Another day, another few million scrapes, jabs, cuts, and pin pricks from all manner of plants that seem dead set on reaching out and getting a bit too familiar with anything that might be passing by. In this case: us. So it seems only fitting to turn the spotlight on these floral “friends” whose penchant for inappropriate touching is downright criminal.
Along with two other hikers, we rode along in the car of trail angel MJ, watching the comforts of Superior shrink out the back window on our way back to the trail. Another zero day gone in the blink of an eye, it was back to the work of shrinking the distance between us and Mexico.
My mind floats an inch or two just above where my head is. Almost imperceptibly detached from the rest of me, it examines the trail that is about to pass beneath me. It imagines what a passerby might see if they look at me in this moment. Eyes glazed over with concentration. Sweat and salt caked to my shirt.
To watch the desert sunrise or sunset is, in some sense, to witness it for the first time. An expanse of land brought to life with color beneath an equally expansive sky, only to have the sunset slowly steal those very same colors in exchange for an ocean of stars. Blackness yielding to layers of gray before deep hues of blue, red and orange bleed away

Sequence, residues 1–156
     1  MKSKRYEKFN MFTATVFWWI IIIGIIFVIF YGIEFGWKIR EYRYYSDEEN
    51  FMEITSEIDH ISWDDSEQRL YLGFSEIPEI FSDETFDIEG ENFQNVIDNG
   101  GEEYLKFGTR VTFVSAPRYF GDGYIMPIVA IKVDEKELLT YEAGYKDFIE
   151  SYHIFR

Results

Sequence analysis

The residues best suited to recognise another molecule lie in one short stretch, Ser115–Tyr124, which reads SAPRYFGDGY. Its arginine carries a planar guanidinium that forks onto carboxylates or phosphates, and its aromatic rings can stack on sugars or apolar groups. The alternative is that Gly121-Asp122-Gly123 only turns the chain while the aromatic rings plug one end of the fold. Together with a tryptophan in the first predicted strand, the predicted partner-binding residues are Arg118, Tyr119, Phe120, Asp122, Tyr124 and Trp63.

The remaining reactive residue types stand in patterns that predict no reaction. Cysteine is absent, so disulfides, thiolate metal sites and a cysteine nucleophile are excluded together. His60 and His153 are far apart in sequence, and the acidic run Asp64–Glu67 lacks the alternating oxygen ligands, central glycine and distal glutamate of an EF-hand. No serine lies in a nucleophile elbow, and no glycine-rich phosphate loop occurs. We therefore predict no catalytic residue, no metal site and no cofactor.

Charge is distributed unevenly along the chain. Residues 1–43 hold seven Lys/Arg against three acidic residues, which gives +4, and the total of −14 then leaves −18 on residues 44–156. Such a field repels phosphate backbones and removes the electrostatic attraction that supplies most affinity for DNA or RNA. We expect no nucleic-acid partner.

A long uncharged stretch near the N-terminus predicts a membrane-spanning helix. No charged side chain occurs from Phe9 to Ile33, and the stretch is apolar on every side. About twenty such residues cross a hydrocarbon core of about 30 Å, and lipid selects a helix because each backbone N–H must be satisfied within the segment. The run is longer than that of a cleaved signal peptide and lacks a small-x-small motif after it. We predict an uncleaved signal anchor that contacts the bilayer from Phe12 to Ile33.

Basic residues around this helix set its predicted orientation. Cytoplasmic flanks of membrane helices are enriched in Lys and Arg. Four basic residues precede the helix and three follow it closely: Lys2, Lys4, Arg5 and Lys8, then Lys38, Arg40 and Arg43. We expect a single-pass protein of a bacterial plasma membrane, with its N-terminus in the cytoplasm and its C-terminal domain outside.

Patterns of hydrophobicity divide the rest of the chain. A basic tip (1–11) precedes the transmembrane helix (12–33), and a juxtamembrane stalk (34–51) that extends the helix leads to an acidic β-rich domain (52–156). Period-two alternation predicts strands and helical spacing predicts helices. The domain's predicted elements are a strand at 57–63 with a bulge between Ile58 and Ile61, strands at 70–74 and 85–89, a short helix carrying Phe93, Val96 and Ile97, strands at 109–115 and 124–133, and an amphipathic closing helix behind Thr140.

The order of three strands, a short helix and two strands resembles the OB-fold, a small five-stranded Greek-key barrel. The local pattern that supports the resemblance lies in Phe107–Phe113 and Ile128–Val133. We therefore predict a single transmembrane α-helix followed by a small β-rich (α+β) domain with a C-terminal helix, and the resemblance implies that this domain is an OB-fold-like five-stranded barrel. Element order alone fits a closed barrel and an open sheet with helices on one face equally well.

Every trail has days like today. Hell, the last 4 days. The rest of life is no different. In between the few snapshots worthy of putting on display for anyone who might care to see them, the real work takes place. Quiet. Sweat. Fatigue. Pain. Frustration. Elation. A thousand other qualities, none of which anyone gets to see but us.
We slept in a ditch. Not exactly like the one from the CDT last year, and certainly not this one from the PCT—I’m beginning to sense a troubling pattern—but a sandy, flat, wash nonetheless a literal stone’s throw from passing traffic.
When she pulled up in her 30-year-old pickup truck, honking jubilantly as she did, I had a feeling we were in for quite a time on our resupply stopover. DD, our trail angel host for the rest of the day and night, was a spitfire force of nature. Alternately with a joint, chewing tobbaco, or a beer in her mouth—sometimes all three…
I didn’t remember having gone to sleep in the Sierra, but after rubbing the sleep both from my eyes and from my legs it sure seemed like that’s where I’d woken up. Scattered pines, lumps of stone, a trickling stream. It even had the blackened char of a recent burn clinging to the bark of surviving trees.